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Excluded areas – reducing or eliminating absorption

For purposes of prorata shares, leases will often define excluded areas as greater than some specified square footage. 「The tenant will pay a prorata share of real estate taxes based upon the leasable area of the center excluding premises (or occupants) greater than 25,000 square feet.」 You will see language like this in almost all […]

When Sloth from the Goonies is your leasing agent

You really never know what you are going to find in a lease when you are doing acquisitions. About three years ago, we did two shopping center acquisitions in the Southeast for one of our institutional clients from a local developer. In one restaurant lease in each of the centers, the developer had negotiated a […]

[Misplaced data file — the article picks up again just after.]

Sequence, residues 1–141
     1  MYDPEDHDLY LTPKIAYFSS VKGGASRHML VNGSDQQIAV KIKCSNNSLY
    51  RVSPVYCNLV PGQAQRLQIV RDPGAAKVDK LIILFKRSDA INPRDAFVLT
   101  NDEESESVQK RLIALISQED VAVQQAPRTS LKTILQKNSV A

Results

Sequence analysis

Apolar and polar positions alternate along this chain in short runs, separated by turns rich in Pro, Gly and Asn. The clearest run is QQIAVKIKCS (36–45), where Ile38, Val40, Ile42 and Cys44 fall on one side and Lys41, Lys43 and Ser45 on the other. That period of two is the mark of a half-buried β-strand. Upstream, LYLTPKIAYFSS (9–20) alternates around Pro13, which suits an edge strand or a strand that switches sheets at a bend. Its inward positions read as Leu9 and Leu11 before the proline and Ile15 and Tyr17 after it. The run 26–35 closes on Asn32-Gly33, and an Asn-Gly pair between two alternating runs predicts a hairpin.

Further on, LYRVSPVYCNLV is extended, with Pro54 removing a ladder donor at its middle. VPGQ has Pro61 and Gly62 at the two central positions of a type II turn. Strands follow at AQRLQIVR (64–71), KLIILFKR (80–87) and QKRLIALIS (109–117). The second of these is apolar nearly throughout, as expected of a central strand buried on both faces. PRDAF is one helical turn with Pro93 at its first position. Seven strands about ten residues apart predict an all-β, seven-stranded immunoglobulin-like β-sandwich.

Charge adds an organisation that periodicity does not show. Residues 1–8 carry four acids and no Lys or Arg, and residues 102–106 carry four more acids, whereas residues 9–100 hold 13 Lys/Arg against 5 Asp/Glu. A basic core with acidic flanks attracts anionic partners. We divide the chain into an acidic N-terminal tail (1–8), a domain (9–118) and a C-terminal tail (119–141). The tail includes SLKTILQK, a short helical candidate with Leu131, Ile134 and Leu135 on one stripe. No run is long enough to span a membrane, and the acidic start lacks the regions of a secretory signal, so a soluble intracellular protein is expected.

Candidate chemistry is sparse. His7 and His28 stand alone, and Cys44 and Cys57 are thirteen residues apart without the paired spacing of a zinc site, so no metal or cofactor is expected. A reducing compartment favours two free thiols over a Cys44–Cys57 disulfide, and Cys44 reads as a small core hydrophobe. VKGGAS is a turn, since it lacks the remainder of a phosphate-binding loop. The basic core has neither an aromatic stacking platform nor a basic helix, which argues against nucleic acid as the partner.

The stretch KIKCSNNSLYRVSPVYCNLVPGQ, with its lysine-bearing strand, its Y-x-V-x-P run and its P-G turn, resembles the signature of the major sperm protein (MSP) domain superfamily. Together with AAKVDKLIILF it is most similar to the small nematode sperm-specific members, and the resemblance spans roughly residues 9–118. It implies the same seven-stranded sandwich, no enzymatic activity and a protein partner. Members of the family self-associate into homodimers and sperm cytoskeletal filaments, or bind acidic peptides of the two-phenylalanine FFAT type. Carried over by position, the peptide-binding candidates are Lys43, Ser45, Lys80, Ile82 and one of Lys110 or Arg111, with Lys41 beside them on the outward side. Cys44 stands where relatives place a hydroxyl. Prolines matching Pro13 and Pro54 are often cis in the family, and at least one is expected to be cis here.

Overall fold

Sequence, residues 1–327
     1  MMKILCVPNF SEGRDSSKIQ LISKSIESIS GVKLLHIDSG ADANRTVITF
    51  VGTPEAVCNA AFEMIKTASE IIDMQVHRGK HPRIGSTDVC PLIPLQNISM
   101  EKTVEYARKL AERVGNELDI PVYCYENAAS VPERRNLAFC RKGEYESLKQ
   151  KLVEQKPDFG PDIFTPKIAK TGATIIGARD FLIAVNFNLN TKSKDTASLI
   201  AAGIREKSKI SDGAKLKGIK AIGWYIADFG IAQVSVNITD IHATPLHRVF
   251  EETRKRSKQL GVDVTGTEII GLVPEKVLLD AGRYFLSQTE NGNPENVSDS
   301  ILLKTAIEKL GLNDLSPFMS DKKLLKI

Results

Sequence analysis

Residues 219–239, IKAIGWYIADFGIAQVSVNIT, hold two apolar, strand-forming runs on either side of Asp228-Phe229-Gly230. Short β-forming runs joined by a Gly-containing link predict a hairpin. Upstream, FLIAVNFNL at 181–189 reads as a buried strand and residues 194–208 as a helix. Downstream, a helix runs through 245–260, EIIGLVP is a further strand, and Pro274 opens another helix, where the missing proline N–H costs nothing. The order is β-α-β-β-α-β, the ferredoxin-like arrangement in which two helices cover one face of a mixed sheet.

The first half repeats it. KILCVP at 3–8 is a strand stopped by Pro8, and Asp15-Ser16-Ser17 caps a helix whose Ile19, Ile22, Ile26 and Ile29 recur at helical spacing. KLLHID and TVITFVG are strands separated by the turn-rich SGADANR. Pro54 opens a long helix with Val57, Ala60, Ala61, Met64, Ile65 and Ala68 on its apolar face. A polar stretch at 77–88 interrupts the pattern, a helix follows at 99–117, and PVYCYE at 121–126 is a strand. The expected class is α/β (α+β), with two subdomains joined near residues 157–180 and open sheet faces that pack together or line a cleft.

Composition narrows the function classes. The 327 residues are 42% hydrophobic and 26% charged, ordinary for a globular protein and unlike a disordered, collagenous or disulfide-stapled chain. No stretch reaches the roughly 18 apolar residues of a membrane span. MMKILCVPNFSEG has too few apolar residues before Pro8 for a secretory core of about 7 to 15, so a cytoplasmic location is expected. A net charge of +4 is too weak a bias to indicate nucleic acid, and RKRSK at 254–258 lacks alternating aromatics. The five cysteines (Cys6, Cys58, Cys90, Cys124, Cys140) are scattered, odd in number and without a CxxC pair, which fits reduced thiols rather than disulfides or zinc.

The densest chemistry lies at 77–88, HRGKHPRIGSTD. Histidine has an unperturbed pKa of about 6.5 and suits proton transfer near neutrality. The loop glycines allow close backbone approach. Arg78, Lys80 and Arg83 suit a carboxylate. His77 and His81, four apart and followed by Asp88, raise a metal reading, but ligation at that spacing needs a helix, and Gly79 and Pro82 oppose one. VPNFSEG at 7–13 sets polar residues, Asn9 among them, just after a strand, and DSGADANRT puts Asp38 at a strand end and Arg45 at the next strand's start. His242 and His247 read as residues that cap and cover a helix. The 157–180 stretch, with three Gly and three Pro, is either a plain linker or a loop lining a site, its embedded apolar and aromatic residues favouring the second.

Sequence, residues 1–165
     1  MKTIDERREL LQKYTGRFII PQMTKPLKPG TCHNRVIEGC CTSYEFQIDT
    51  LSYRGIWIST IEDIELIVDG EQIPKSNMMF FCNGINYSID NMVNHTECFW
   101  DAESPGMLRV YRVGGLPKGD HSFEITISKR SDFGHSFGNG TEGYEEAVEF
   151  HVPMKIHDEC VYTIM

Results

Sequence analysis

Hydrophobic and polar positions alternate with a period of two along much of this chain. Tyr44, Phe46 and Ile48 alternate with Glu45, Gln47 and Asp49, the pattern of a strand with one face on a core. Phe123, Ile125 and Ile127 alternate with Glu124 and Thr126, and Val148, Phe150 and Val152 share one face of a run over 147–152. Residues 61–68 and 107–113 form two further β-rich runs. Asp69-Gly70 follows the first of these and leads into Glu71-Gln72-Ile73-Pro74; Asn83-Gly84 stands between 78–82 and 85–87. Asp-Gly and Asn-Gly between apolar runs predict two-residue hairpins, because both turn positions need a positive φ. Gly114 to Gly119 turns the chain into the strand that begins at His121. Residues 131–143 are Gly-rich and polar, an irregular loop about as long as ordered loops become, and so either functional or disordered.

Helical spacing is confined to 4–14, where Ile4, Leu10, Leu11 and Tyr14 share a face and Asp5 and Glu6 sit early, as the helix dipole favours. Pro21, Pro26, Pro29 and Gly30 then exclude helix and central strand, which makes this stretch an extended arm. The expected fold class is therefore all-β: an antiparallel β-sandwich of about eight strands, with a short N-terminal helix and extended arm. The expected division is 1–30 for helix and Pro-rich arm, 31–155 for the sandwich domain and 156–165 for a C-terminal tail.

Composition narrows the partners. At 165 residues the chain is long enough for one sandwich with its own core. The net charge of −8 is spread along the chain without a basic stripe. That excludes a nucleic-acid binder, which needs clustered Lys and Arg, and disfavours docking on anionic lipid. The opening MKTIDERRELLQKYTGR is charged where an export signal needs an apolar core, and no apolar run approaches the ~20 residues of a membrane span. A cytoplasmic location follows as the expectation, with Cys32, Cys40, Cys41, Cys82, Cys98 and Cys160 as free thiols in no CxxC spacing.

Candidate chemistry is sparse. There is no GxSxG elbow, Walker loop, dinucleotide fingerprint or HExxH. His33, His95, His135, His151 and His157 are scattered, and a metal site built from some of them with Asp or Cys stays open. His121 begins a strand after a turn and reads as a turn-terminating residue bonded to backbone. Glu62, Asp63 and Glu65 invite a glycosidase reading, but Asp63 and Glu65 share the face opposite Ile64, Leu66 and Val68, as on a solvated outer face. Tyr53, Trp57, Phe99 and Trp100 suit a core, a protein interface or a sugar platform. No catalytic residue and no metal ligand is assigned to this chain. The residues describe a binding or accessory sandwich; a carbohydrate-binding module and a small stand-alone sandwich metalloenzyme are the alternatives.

Buried language can burn you

I am sure I sound like a broken record to anyone who has ever taken more than one of my classes because I always (seriously always) bring up how language can be buried deep within a lease that can change the cash flow from a tenant. The best example I can give is one landord’s […]

Retail vs. office leases

Last month, we worked on a beautiful, relatively new lifestyle retail property in California. It was developed by company that traditionally develops office. We did not know that they were office developers when we started the project. It became obvious after abstracting the first two leases. How could it be obvious by reading lease? By […]

The landlord’s best case scenario – Its standard lease

It doesn’t get better than the landlord’s standard lease. Seriously. The language in the standard lease is typically the best the landlord can possibly do because changes negotiated from its standard almost always favor the tenant. A landlord doesn’t have a standard lease form and then have the ability to say 「We are going to […]

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